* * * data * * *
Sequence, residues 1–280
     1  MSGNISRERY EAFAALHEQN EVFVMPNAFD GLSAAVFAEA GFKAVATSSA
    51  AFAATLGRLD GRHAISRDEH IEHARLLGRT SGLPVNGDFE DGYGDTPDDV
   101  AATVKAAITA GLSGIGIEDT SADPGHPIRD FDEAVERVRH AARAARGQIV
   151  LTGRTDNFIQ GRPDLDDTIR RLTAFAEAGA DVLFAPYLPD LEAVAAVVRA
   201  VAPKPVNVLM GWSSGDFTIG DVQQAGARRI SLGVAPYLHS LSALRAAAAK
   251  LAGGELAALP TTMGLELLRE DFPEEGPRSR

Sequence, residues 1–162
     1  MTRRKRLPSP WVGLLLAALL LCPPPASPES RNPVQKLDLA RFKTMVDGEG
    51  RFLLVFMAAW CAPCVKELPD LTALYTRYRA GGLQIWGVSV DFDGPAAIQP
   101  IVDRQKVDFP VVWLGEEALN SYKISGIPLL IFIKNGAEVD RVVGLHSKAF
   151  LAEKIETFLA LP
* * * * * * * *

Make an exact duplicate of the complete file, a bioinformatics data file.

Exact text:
Sequence, residues 1–280
     1  MSGNISRERY EAFAALHEQN EVFVMPNAFD GLSAAVFAEA GFKAVATSSA
    51  AFAATLGRLD GRHAISRDEH IEHARLLGRT SGLPVNGDFE DGYGDTPDDV
   101  AATVKAAITA GLSGIGIEDT SADPGHPIRD FDEAVERVRH AARAARGQIV
   151  LTGRTDNFIQ GRPDLDDTIR RLTAFAEAGA DVLFAPYLPD LEAVAAVVRA
   201  VAPKPVNVLM GWSSGDFTIG DVQQAGARRI SLGVAPYLHS LSALRAAAAK
   251  LAGGELAALP TTMGLELLRE DFPEEGPRSR

Sequence, residues 1–162
     1  MTRRKRLPSP WVGLLLAALL LCPPPASPES RNPVQKLDLA RFKTMVDGEG
    51  RFLLVFMAAW CAPCVKELPD LTALYTRYRA GGLQIWGVSV DFDGPAAIQP
   101  IVDRQKVDFP VVWLGEEALN SYKISGIPLL IFIKNGAEVD RVVGLHSKAF
   151  LAEKIETFLA LP